We hope you’ve been enjoying hearing from some of the museums who’ve benefited from your support so far.
This week we discover how a little museum in Great Missenden are working to provide a valuable learning resource for schools across the UK. Thanks to funding from Art Fund, the Roald Dahl Museum and Story Centre are taking their amazing archive online, with the potential to reach thousands of children nationally.
The museum’s director, Steve Gardam, tells us more about the project, as well as the challenges they’ve been facing over the past year.
By donating to #TogetherForMuseums, you’re helping many more museums and galleries across the UK make projects like these a reality. Thank you.
‘Not all museums are big Victorian vaulted cathedrals. I think that’s a really key message I always want to get across to people. We don’t have a lot of elbow room; it’s one of the charms of the Roald Dahl Museum. Pre-Covid, the visitor experience was a cosy, communal, bustling kind of place, very hands-on, very interactive. So much of the gallery content is something that you do rather than merely look at, whether that’s crafts, dressing up, or communal storytelling sessions.
When it became possible to reopen in the summer of 2020, we realised that the only realistic way we could do it in a Covid-secure way and provide a great visitor experience was through what we call guided visits. We have great people – the best kind of interactivity – and it was incredibly popular.
Here’s the kicker: [being Covid-secure] absolutely shreds our capacity. We’re an independent museum charity; we need to earn money in order to operate. Most weeks we were open, we were sold out but only earning maybe 15% of what we would have earned pre-Covid. We did it because it was important for us to be open – we’re here to share the positive legacy of Roald Dahl’s work with as many people as we can.
The other thing, of course, is that we had no schools income whatsoever. We have an incredibly successful schools programme; we were seeing nearly 12,000 kids every year. Schools really like the content because it’s about creativity, craft, Dahl’s creative process as an example that you can learn from about how to create characters, how to edit, how to think of plots, and so on.’
‘With the world turning to Zoom and other video platforms like never before, we could see something had happened that made taking our learning provision online possible for the first time. We got a small grant that allowed us to buy our first set of equipment and paid for a short but very meaningful survey of teachers. Every single teacher said, “Yes, I would be interested in a live stream learning offer from the Roald Dahl Museum.”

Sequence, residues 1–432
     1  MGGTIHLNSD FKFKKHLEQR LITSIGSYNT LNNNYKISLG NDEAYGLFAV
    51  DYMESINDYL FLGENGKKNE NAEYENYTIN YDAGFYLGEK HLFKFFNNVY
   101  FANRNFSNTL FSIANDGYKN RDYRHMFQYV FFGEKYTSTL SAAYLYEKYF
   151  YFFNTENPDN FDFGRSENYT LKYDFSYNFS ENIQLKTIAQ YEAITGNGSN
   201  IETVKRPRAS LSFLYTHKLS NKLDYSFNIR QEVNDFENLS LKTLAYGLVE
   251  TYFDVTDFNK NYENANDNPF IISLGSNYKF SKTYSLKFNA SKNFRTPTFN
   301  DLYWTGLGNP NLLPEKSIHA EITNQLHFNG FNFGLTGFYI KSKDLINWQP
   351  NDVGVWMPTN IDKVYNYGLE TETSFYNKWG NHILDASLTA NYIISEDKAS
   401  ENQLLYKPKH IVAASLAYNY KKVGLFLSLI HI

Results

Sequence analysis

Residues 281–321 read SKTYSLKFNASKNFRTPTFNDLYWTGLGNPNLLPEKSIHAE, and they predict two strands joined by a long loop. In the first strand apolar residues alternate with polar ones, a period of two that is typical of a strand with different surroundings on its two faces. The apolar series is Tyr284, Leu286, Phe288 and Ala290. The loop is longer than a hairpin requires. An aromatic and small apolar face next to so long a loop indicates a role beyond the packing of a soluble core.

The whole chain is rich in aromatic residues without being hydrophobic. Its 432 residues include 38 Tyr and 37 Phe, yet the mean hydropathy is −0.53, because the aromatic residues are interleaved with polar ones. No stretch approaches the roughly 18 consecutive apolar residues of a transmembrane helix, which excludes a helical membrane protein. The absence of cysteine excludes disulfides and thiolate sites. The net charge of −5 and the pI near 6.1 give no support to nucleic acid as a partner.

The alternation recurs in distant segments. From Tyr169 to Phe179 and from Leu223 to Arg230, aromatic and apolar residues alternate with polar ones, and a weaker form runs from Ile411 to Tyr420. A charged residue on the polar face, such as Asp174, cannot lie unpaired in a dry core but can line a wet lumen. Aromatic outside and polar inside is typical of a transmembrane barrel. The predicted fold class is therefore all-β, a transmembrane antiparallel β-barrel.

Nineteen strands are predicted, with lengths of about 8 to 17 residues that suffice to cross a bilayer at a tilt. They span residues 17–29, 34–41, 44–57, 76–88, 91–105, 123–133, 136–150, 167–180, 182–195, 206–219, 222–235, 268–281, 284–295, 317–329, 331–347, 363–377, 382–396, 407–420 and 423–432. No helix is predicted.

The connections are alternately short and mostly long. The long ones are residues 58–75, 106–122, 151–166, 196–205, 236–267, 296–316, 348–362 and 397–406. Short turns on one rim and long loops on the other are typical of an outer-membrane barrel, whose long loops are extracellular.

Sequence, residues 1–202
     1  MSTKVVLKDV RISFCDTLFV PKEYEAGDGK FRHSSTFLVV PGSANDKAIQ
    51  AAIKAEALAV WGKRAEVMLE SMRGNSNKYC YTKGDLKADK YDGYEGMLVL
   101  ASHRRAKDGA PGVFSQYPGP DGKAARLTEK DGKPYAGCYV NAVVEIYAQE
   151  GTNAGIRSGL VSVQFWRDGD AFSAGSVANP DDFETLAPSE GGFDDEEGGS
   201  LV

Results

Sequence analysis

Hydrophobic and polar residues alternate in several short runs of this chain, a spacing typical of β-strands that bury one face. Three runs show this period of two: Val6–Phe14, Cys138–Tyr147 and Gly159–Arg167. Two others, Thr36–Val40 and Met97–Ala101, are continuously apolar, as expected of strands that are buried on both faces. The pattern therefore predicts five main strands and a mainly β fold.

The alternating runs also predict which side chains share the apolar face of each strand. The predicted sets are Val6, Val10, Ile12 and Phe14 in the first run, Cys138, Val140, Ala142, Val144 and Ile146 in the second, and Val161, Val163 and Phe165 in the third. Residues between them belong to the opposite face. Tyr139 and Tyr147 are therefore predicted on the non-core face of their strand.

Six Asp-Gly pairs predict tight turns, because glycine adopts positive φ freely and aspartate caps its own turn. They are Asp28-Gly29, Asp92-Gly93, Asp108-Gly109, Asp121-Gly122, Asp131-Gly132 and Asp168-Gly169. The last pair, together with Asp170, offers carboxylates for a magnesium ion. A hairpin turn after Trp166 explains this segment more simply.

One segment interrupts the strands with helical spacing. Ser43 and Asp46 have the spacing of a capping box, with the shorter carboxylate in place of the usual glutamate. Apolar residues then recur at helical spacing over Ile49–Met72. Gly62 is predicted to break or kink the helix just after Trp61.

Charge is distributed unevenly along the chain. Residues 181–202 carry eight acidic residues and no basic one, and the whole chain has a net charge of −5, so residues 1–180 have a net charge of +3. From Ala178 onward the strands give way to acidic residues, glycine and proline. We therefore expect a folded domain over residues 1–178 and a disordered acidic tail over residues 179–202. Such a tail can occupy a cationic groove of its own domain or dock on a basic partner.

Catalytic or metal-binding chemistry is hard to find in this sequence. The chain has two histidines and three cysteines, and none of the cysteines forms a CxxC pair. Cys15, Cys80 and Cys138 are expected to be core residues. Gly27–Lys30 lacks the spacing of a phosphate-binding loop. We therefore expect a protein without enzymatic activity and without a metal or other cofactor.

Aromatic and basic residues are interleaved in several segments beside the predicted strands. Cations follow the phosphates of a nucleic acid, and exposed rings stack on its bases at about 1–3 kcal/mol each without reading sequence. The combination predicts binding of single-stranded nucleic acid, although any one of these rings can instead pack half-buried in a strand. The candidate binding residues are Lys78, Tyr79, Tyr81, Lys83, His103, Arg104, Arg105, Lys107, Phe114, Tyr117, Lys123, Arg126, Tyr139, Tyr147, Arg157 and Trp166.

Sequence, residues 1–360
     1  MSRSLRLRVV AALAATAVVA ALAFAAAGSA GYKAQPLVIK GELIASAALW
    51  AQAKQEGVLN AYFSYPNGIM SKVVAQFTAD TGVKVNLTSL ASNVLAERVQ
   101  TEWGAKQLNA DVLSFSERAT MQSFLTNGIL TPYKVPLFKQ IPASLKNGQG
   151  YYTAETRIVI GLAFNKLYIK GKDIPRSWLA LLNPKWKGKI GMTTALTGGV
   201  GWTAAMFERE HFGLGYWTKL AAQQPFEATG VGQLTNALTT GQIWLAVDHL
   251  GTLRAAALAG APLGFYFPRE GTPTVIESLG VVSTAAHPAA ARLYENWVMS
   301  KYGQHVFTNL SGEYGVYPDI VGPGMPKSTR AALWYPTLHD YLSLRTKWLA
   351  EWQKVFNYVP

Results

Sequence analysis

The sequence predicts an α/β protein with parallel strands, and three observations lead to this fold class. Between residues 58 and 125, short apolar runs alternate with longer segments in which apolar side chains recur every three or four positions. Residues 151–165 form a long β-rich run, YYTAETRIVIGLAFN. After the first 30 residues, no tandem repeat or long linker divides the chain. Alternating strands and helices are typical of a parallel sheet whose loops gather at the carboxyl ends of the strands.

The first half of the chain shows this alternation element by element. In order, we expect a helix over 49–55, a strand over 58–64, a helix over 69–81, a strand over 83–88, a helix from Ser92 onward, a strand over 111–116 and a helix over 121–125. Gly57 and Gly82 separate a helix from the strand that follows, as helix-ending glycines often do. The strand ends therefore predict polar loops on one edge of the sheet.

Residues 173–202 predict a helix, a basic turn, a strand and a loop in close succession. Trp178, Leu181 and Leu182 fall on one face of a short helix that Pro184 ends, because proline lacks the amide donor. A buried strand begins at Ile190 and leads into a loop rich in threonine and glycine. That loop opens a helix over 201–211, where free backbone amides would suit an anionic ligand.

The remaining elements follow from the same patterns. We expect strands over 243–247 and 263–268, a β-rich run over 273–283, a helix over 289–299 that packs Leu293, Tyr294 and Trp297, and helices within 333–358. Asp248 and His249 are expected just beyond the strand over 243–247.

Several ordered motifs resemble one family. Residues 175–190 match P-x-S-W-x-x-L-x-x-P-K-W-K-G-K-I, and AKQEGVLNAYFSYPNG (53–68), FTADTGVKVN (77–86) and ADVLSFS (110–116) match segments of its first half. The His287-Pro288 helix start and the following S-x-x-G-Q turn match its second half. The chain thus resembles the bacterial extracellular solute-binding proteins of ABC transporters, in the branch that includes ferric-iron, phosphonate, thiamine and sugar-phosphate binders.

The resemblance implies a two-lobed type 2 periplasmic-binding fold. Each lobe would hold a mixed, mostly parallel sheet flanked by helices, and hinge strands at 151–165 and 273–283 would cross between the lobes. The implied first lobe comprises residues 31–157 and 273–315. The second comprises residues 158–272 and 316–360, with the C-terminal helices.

We already knew that what teachers and children care about most is our wonderful educators. What we didn’t have was any experience in delivering online. More concerningly, we didn’t have any prospect of income from schools. We didn’t know whether we’d be able to retain our wonderful learning team. So when the [Art Fund opportunity] was offered, it was really simple: “Please help us guarantee that we can keep on our learning team.”
What we’re trying to do is build an online programme that is as close to coming to the museum as possible. We had hoped to start rolling out later in the spring term, now it’s obviously moved to the summer. More time means we’re not doing it in such a desperate hurry, we can consider more, and I think that’s really healthy.’
‘We’re trying to get rid of a barrier that’s been holding us back as a charity and the amount of impact we can have: geography and the size of our site. If we can set up enough places to deliver sessions at the same time, then we can massively scale the programme. We might be able to go from 10 sessions a week to nearly 50, which would be around 1,600 per year. It’s not inconceivable. There are 16,000 primary schools in England alone and we think our offer would appeal to many. It may be a long time before schools feel able to make on-site visits again. Nobody knows right now. The next challenge is getting the digital infrastructure scaled up so we can respond to demand.
I get so excited when I talk about it because, despite being created by Covid, this feels like the opportunity that our little museum with the big name has been waiting for. We are trying to do something for the long term that really could unleash our potential as an educational heritage charity, and that is a wonderful silver lining to this whole pandemic mess.
I hope that we can ride out the ups and downs, so that we get to that point. It’s a good journey to be on, and great to be able to back a really talented group of people.’
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Your support will help museums respond to the challenges of Covid-19, and reimagine a brighter future.